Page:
|Place of origin||United States|
|Used by||United States Navy|
|Mass||2,400 pounds (1,100 kg)|
|Length||17.9 ft (5.47 m)|
|Diameter||21 in (54 cm)|
|Engine||Marquardt ramjet with integrated Thiokol solid rocket booster|
|55 nautical miles (102 km; 63 mi)|
|Maximum speed||Mach 2.5|
The AQM-127 Supersonic Low-Altitude Target (SLAT) was a target drone developed during the 1980s by Martin Marietta for use by the United States Navy. Derived from Martin Marietta's work on the cancelled ASALM missile, SLAT proved to have severe difficulties in flight testing, and the project was cancelled during 1991.
Development of what became the YAQM-127 was initiated in 1983 following the cancellation of the BQM-111 Firebrand. A replacement for the MQM-8 Vandal target drone was still required, and a specification was developed for a target drone, capable of being recovered via parachute and reused, for launch from a variety of aircraft.
Bids for the contract were submitted by Martin Marietta, Ling-Temco-Vought, and Teledyne Ryan, with the Martin Marietta design being judged the winner of the design competition in September 1984. Derived from the cancelled Advanced Strategic Air-Launched Missile developed by Martin Marietta for the United States Air Force, the missile utilised a Marquardt hybrid rocket-ramjet propulsion system, with a solid rocket booster providing initial thrust, with the rocket's chamber, following burnout, becoming the combustion chamber for a ramjet sustainer. The AQM-127 was designed to fly at speeds of Mach 2.5 at an altitude of 30 feet (9 m), following a pre-programmed course on autopilot. The SLAT was to be fitted with radar signature augmentors and a radar seeker emulator; initial operational capability was projected for 1991.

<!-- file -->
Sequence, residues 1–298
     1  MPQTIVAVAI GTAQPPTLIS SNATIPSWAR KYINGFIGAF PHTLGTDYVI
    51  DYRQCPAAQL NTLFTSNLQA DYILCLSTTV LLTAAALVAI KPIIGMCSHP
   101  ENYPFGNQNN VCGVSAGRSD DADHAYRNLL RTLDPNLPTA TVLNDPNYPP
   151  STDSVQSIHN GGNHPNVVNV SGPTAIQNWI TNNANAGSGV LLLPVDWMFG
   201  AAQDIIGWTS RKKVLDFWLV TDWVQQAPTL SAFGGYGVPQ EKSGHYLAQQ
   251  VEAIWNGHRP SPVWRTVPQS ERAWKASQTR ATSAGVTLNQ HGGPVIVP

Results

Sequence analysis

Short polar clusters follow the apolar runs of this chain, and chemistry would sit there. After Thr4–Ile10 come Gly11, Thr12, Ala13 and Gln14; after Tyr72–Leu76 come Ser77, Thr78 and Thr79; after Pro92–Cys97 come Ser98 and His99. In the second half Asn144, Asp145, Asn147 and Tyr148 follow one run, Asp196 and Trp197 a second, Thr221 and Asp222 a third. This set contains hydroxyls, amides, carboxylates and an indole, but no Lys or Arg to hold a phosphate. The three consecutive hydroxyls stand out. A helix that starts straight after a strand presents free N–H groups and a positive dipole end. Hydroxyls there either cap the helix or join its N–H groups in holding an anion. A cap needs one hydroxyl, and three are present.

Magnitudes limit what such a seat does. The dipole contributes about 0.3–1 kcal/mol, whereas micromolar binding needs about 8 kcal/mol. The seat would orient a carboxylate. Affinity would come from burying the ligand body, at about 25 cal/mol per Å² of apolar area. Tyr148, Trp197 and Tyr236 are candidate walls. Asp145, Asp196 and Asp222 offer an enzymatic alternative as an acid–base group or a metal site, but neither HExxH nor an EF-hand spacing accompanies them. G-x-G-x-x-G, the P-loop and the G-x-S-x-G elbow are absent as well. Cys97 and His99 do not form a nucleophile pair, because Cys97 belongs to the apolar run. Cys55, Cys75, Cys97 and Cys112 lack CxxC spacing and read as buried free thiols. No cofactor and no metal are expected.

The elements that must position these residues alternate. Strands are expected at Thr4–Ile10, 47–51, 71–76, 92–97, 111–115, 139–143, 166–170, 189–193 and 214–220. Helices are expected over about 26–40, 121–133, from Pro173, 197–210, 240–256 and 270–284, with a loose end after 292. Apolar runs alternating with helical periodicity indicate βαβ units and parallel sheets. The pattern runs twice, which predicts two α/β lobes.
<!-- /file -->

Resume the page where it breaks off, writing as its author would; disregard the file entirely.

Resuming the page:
The first test launch of the fifteen YAQM-127A pre-production test missiles produced was conducted on November 20, 1987. A further five test flights were conducted between then and January 1989; however only one of the six tests proved a success. Following a twenty-two month stand-down to reassess the program and modify the missile design, flight testing resumed in November 1990; this test also was a failure, as was a final attempt at a test in May 1991.
With the SLAT proving a consistent failure and the cost of the project increasing dramatically, the United States Congress stepped in, and during the summer of 1991 the AQM-127 program was cancelled. The Navy, still requiring a new high-speed target drone to replace the Vandal, would turn to a drone conversion of a Russian missile, the MA-31, as an interim solution. This drone entered service in small numbers during 1999.